Director: Ridley Scott

Notable Cast: Noomi Rapace, Michael Fassbender, Charlize Theron, Idris Elba, Guy Pearce, Logan Marshall-Green, Rafe Spall, Kate Dickie, Patrick Wilson, Sean Harris

Rating: R

Review:  Ridley Scott: A sci-fi genius.  The Alien franchise: Indefinitely hung amongst the rafters of sci-fi’s greatest.  Jon Spaihts: wrote The Darkest Hour to minimal acclaim.  Damon Lindelof: Most notably wrote for “Lost” along with Jon Favreu’s bland Cowboys and Aliens.  Top notch director, top-notch franchise…and two honest Hollywood unprovens still waiting to make their triumphant big screen mark.  Not to mention the sci-fi genre may very well bet he hardest genre to write for, wanting to both entice mainstream audiences yet hold onto the technological and exploratory nature the genre boasts.  Could two young guns create an engaging back story for the Alien universe to appease hordes of Ridley Scott worshipers?  Or would Spaihts and Lindelof crumble under the universal pressure such a task demands?  As a lover of Alien and obsesser of Aliens, it was hard convincing myself Prometheus had anything to do with Ripley and Newt minus some set piece tidbits and a rushed end scene depicting our beloved alien creation.  Prometheus itself played more as a stand alone piece of science fiction literature, setting up an inevitable sequel to in fact be the true Alien set up.  Questions are stated, doors are open, minds are jump started…but Prometheus’ script leaves far too many cliffhangers to connect any dots minus the obvious “Hey, I’ve seen that giant space chair before” or “oh my god, yes, that is in fact an alien!”  Besides that we’re bombarded with Albinos, tentacles, and black goo…oh my?  Prometheus is flooded with brand new ideas, rich developments, and steady building blocks that should lead into something interesting.  But to take 2 hours plus and only give us the tiniest taste of what’s yet to come seems somewhat of a tease, not to mention a rather ambitious script gets too muddled with complexity to even effectively build story at points.  To quote Lindelof himself, Alien was more of a “haunted house” story where some bad luck saps answer the wrong beacon.  Prometheus attempts to explain just why these angels of death want to infest our insides while tearing space marines apart, but not very well if I still don’t know why.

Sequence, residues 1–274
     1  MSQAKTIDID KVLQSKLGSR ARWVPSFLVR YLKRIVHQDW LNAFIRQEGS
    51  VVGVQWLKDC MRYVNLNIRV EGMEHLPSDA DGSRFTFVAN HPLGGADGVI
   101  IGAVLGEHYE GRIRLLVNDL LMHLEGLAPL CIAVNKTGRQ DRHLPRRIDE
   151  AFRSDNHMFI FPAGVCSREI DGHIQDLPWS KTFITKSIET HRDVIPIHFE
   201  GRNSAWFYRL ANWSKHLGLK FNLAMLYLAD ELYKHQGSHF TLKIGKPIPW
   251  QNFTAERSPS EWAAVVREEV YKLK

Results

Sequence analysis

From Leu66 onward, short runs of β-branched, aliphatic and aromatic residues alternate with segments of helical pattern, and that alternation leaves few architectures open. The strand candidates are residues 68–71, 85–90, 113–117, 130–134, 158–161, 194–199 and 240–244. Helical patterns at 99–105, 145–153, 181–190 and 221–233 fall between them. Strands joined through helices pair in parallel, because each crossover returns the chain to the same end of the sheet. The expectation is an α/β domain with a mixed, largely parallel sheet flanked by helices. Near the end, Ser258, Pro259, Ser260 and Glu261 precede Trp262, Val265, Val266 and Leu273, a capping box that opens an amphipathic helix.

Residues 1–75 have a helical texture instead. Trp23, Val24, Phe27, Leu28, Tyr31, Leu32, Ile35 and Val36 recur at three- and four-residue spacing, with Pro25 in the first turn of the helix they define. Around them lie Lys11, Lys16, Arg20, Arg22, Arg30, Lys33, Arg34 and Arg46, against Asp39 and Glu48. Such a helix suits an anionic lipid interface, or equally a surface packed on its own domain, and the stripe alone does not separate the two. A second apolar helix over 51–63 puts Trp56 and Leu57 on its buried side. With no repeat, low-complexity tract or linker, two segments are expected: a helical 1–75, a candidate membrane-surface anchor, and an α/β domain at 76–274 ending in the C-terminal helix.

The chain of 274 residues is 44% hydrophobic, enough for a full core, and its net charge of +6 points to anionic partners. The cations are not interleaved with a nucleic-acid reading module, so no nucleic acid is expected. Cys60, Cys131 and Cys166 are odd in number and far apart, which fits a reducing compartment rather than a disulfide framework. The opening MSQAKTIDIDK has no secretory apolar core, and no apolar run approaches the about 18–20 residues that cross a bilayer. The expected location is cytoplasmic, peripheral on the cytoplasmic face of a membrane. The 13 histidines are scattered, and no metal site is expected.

Aboard the scientific exploration vessel Prometheus resides a team of researchers focused on finding some intelligent form of life which could in fact be our creators.  Led by Elizabeth Shaw (Rapace) and Charlie Holloway (Marshall-Green), Weyland industries has so kindly funded the team with full freedom granted by surviving Weyland associate Meredith Vickers (Theron) and robotic assistant David (Fassbender).  The crew discover another system with a livable sun much like our own solar system, and land Prometheus upon its equivalent of Earth.  Exploring deeper what appear to be man-made caves, the crew uncovers livable air conditions and closed off rooms, pointing towards some kind of existing species.  But what’s interpreted as an invitation may be much more dangerous than expected, as the crew probes deeper into this fresh new planet’s mystery.  In uncovering all the answers sometimes we may discover something better left unearthed, a lesson the Prometheus may have to find out on for itself.

“Still overpaid for this damn planetarium….”

Prometheus is undoubtably epic and looks every bit the part of super techy sci-fi blockbuster.  Scott removes the franchise out of its dark and seedy space station stylings, opening up a vibrant world and shedding some light with a colorful nature introduction.  Let there be light!  Also gone is Alien‘s claustrophobic atmosphere, again expanding the universe to a much broader degree emphasizing the franchise’s new revival.  Scott utilizes beautiful long zoomed out landscape shots, accentuating the grand nature of surroundings and keeping our insignificant humans in perspective as they wander around foreign settings.  Everything Scott does in direction correlates directly to Prometheus‘ big world thematic elements which I’ll discuss momentarily.  But for now, staying with cinematic victories leads to casting.  Michael Fassbender always ends up portraying some sophisticated and debonair chap, which carries over to his role as the artificial David.  So complex and unpredictable were David’s actions, being the proverbial wrench in Prometheus’ plans.  But Fassbender does so with such cold mechanical status and emotionless purpose, making David convincingly more creation than man.  And while Noomi Rapace admittedly is no Ripley (Sigourney Weaver), she stands steadfast as a strong female lead even though her job isn’t ass-kicking like Weaver’s was.  Idris Elba delights, Theron is a cold-hearted bitch (or is she?), Pearce pulls a Benjamin Button, and two bumbling scientists get ravaged in a matter of minutes all leading to strong play from the cast.  Prometheus certainly aligned all their stars to ensure a successful mission.